When to teach Easter is a fundamental question for churches who see high attendance numbers on Easter Sunday but do not offer formational time on the Feast Day.
Posts Tagged ‘Sunday School’
From balloons to jelly beans, these games by Jolene Roehlkepartain will add a spark to your group, and actually help kids focus!
A new DVD for elementary-age students that teaches children an overall concept of Christian prayer in a fun and engaging way.
How do you call a group to attention. Whether children or adults; school, church, or camp – these seven teacher tips help invite a crowd to quiet.
TeenText is a weekly, lectionary-based curriculum for grades 6-8 and 9-12.
Christian education benchmarks provide consistent reference points against which formation activities can be measured, encouraging teaching and learning in the congregation.
Whether you need school supplies for Sunday school, youth ministry, school, or home, this guide will help you save money, and get the best items.
Sparkhouse Family offers trusted books and videos for at-home access. Parents and caregivers have new tools to pass on faith to children at home.
Illustrated Children’s Ministry provides artistic resources for learning and coloring throughout the church year, for congregations, classrooms and homes.
The Rotation Model is an exciting Sunday School option that uses art, music, cooking, to teach Bible stories. Fin out how it works: benefits and challenges.
Do you love your current Christian formation curriculum? Considering other options? Follow these tips for evaluating current and potential curricula.
Wondering how to engage children in Biblical stories? This process, using Lego, digital pictures, and powerpoint, is perfect for Sunday school or home.
For a group activity that is fun and builds team spirit, try life-size Scrabble for Sunday School. Tiles are easy to make and rules easy to adapt. Enjoy!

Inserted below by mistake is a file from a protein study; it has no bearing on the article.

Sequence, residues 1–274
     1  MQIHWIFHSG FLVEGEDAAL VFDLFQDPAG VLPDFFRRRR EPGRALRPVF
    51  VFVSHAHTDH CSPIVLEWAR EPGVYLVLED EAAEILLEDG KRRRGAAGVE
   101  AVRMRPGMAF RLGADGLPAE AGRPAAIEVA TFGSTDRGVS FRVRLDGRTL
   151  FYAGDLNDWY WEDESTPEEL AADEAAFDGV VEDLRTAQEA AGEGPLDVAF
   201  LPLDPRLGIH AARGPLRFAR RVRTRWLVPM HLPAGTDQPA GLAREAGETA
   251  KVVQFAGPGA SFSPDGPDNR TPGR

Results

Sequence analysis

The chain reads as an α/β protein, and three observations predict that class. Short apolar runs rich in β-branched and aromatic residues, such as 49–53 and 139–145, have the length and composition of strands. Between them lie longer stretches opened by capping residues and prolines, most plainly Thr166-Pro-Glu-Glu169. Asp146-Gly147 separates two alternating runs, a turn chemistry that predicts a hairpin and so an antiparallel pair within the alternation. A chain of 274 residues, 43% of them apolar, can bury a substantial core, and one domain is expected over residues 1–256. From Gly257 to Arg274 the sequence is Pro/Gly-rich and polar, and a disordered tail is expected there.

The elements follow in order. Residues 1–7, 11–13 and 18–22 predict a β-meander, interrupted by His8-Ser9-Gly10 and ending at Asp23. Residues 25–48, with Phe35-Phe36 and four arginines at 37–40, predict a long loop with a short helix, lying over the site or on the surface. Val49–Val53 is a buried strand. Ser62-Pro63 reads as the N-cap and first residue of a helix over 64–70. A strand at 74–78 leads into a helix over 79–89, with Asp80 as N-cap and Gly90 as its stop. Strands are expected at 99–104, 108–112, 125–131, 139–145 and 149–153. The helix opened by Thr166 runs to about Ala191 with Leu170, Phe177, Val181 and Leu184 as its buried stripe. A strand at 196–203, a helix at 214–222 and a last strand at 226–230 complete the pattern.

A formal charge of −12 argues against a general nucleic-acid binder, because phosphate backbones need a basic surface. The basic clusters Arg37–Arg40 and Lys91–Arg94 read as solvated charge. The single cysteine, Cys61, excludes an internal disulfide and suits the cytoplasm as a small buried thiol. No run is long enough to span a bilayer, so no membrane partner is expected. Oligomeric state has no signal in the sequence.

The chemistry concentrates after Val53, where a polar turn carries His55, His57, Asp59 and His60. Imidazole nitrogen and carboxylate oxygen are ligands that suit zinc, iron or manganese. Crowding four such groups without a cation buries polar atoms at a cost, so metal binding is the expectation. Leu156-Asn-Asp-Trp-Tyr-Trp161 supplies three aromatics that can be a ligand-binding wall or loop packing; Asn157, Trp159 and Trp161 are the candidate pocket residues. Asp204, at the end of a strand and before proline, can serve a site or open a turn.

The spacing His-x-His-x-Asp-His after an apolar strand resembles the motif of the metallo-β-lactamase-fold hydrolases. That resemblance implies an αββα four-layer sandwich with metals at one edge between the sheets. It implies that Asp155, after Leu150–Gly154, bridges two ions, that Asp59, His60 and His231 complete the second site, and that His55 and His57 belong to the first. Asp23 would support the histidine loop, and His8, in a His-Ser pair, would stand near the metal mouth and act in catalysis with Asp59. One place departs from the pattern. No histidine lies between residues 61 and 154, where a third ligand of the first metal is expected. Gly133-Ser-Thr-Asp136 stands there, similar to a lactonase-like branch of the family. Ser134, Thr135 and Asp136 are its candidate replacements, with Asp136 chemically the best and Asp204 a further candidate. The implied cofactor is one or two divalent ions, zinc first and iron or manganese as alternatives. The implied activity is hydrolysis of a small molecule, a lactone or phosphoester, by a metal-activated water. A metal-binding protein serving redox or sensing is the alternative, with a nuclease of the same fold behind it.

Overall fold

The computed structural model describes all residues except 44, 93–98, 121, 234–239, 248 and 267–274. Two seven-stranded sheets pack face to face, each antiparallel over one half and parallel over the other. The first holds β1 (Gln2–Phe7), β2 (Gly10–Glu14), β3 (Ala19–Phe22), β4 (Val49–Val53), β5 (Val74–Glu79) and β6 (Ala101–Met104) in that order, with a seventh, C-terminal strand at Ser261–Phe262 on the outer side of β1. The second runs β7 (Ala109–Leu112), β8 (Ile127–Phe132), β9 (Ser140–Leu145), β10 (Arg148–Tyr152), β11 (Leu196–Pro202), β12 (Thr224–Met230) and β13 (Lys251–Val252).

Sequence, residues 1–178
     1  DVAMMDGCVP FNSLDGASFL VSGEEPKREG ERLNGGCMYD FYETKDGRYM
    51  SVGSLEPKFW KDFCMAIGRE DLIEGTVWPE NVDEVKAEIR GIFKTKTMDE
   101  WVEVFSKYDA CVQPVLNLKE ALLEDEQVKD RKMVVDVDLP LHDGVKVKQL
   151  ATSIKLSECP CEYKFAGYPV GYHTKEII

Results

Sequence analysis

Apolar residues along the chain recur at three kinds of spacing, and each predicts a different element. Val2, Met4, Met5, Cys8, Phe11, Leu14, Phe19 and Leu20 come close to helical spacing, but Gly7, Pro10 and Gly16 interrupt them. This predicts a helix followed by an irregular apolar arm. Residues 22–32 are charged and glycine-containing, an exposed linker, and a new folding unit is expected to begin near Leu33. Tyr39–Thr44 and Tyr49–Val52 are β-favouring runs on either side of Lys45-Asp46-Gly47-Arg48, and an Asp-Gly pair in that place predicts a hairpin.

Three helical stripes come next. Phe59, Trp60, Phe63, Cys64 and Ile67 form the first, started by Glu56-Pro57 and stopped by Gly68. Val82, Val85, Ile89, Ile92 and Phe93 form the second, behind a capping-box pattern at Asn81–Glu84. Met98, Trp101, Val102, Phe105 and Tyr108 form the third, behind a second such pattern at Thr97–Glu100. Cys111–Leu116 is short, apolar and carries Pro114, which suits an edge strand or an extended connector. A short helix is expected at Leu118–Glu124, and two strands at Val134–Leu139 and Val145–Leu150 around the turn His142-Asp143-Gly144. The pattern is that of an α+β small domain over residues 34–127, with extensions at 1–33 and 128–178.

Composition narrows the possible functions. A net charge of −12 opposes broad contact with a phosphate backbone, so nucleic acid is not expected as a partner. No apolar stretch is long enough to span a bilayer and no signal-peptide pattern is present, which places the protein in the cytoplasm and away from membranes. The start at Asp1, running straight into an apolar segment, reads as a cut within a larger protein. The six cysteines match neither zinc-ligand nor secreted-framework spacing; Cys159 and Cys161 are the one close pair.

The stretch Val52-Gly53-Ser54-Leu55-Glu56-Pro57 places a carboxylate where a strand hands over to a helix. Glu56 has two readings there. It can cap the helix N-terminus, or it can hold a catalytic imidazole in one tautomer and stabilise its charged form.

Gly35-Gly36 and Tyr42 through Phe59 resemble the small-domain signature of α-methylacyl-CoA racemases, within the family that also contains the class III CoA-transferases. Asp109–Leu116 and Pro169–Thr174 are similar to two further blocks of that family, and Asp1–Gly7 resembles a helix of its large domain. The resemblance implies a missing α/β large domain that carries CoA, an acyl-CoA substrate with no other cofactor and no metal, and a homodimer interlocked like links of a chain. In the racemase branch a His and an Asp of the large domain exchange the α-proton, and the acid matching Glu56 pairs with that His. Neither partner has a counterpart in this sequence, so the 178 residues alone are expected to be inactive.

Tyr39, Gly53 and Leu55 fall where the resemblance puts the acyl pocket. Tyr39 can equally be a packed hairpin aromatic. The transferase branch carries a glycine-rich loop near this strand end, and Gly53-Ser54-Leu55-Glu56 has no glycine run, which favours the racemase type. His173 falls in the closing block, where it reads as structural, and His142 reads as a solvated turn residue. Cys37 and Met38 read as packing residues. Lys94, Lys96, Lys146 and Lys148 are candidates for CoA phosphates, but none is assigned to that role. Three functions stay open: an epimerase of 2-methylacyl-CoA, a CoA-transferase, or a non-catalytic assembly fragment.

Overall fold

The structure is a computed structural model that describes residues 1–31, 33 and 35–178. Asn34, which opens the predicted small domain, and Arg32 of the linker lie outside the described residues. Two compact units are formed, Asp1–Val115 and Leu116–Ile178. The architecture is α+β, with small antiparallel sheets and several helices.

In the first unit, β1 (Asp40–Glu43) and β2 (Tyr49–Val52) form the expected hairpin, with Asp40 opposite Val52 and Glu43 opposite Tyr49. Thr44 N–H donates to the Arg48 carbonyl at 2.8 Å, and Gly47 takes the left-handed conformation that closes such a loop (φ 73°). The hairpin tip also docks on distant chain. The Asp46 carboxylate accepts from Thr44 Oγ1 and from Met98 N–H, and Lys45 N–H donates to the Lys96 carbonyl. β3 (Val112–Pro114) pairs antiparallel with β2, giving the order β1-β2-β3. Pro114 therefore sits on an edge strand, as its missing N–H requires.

Churches are discovering the benefits of intergenerational faith formation. Large gatherings, small groups, or enhancing existing program all work for you.
Plants not only supply life-giving oxygen, but also make us more in tune with the natural world. If we bring plants and flowers into our Sunday School rooms – a relatively inexpensive undertaking – we can set an example of care and appreciation of the natural world for our children. We can also illustrate the continuing work of God in creation in our world, bringing to life the scripture and theology of Genesis.
Four children stand on a floor-wreath and pretend to be Advent candles. Wearing colored capes with bright yellow hoods, they “light” one candle each week.
At the Church of the Servant in Grand Rapids Michigan we started Intergenerational Sunday School (IGSS) in the Fall of 2013. On the first Sunday of the month from September through May, during our education hour, IGSS replaces our normal Sunday school classes.
Instead of watching adults go off to their classes and sending each grade of kids off to their separate classrooms, all generations (even our nursery kids!) are invited to meet together in the fellowship space. We set up round tables that seat eight people. But how could I guarantee that each table would have an intergenerational representation? My solution: silk flowers and quart jars.
And as the title of this post suggests, the most important point is that we don’t recruit volunteers. On the contrary, we call volunteers. This may seem like semantics, but the language underlines a crucial distinction. To recruit is to fill spots. We have a gap; we need a warm body to put in there. In this way of thinking, filling the spot is more important than the person who fills it.
Here is the question: Is Sunday school still valuable in building up the next generation of Christians? Or is it a tragic hindrance to the overall goals of the Christian community?
The answer must take into account a full view of faith formation. But in short: Yes Sunday school is valuable. And yes, a traditional model of parish-based Christian education can still be effective is nurturing children and offering them knowledge, skills, and values to grow into adult followers of Jesus Christ.
When our Sunday School wing needed renovations, we moved formation to the hall, stage, the kitchen, and other spaces. The results were so exciting!